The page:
For the first time since 2013, The U.S. Department of Health & Human Services Office of Inspector General has issued updates to its Healthcare Fraud Self-Disclosure Protocol. Created in 1998, the protocol can be used to create a process to voluntarily identify, disclose and resolve instances of potential fraud involving federal healthcare programs.

The OIG noted that between 1998 and 2020, it resolved more than 2,200 disclosures resulting in recoveries of more than $870 million.

The following are some takeaways:

  • For kickback-related submissions accepted into the SDP, OIG will require a minimum $100,000 settlement amount up from $50,000 to resolve the matter. For all other matters accepted into the SDP, OIG will require a minimum of $20,000 settlement amount to resolve the matter, up from $10,000.
  • Mailed submissions are no longer accepted. All submissions must be made through the HHS-OIG website.
  • Added references to OIG’s Grant and Contract Self-Disclosure Protocols.
  • Clarified that those under a Corporate Integrity Agreement (CIA) may disclosed reported events using the SDP and specified that the disclosing party must reference the CIA and send a copy of the DSP disclosure to its monitor.
  • Clarified that the Department of Justice sometimes settles SDP cases.
  • Clarified that disclosers must include damages to each affected federal healthcare program and the sum of all damages.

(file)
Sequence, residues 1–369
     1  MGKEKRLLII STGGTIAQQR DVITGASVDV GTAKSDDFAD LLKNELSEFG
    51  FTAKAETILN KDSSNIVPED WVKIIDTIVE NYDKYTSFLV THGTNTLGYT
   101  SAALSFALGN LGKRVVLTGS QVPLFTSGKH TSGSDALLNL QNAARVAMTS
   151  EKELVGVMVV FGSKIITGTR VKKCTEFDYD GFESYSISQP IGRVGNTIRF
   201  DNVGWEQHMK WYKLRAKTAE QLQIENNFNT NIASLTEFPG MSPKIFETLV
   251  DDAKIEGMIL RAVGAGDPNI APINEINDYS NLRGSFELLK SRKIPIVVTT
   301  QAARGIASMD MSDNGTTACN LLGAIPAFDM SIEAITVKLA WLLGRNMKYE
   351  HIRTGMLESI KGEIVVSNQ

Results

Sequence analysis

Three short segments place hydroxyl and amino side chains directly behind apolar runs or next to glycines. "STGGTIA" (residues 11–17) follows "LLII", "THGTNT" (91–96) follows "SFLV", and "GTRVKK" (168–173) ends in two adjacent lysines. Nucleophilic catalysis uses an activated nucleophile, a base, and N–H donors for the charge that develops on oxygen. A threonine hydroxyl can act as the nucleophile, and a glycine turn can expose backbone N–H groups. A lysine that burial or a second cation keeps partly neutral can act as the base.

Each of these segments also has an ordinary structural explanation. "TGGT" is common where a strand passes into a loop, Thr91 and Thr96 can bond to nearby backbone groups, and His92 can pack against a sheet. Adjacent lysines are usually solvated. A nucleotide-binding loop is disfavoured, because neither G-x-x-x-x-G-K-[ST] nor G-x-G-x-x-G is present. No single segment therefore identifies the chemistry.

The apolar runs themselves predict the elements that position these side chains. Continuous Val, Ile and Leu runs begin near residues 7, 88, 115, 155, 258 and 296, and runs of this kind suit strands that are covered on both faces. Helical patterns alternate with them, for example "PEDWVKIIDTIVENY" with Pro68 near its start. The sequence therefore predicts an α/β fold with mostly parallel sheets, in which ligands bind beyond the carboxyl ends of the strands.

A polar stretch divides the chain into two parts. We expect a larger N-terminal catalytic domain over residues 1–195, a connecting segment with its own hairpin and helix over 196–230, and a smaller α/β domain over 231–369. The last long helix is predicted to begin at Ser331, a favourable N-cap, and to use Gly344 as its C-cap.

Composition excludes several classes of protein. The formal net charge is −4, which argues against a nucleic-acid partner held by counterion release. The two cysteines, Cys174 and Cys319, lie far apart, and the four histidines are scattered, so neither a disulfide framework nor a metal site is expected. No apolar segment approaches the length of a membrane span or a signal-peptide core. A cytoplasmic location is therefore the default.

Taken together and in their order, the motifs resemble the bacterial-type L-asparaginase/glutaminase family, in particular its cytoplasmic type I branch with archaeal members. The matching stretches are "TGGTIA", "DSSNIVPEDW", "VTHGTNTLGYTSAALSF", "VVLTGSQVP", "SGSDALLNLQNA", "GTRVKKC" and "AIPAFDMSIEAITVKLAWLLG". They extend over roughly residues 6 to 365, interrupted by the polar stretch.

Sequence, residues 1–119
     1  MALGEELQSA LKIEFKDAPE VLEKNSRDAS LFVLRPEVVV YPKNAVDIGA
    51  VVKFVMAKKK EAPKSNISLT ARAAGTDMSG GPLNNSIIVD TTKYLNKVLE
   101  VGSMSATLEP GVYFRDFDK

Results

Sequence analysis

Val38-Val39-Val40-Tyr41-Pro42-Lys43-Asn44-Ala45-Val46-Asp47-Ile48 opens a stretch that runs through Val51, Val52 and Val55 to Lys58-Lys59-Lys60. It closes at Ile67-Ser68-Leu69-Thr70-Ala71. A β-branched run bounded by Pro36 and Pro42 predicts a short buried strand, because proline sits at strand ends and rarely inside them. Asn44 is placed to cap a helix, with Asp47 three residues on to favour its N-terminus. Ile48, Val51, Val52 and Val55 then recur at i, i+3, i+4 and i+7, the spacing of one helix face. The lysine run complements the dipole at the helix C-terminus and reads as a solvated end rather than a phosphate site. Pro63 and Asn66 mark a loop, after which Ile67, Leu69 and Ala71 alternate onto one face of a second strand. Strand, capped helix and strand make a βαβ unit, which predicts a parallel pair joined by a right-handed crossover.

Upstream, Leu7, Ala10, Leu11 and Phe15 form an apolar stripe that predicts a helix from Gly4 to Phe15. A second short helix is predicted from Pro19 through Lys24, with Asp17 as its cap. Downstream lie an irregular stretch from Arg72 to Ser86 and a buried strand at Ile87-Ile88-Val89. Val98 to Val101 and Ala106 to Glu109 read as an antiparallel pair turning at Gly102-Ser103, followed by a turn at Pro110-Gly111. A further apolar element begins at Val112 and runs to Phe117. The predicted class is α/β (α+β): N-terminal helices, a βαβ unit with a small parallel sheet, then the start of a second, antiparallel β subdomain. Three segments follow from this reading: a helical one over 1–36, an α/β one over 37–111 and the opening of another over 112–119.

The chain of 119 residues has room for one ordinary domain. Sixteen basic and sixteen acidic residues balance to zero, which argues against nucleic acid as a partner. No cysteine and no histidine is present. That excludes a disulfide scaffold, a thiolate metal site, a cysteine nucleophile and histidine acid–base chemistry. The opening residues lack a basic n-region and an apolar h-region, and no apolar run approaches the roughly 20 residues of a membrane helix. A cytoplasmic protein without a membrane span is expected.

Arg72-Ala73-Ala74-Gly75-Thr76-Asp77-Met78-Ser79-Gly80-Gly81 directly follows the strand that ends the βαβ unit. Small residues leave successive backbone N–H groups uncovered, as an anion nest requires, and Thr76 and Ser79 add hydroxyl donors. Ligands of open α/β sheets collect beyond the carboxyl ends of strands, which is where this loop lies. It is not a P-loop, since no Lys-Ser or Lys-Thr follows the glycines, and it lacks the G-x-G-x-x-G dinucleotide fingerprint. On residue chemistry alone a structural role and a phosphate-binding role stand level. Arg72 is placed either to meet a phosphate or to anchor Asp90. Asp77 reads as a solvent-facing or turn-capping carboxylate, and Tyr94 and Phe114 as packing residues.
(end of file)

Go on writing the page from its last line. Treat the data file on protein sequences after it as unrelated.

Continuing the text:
• Made technical changes to statistics, terminology and background facts.

What did not change?

  • Timelines and content requirements
  • Methods for calculation of damages
  • Timely settlement with a lower multiplier and an exclusion release.

OIG notes that healthcare providers have an obligation to take steps to detect and prevent fraudulent activities. This can be done as a result of voluntary self-assessment or in response to external forces.

There are benefits to self-disclosure including settlements that can result in OIG deciding not to exclude a provider from federal healthcare programs. Between 2016 and 2020, OIG resolved 330 SDP cases through settlements.

OIG believes those who use the SDP and cooperate during an investigation deserve to pay a lower multiplier on single damages than would normally be required in resolving a government-initiated investigation. Each case would be determined individually.

The SDP is not limited. All providers, suppliers or other persons subject to OIG’s Civil Monetary Penalty authorities are eligible to use the SDP. Disclosing parties subject to investigations, audits or other oversight activities are not automatically precluded from using the SDP. However, the disclosure must be in good faith and not an attempt to circumvent an ongoing investigation.

The SDP can prove to be a valuable tool for any healthcare entity. The Health Law Offices of Anthony C. Vitale has extensive experience representing clients in voluntary disclosures, audits and overpayments and can represent your interests through all stages of the disclosure and refund process in an effort to achieve the most successful results.

Contact The Health Law Offices of Anthony C. Vitale at 305 358-4500 or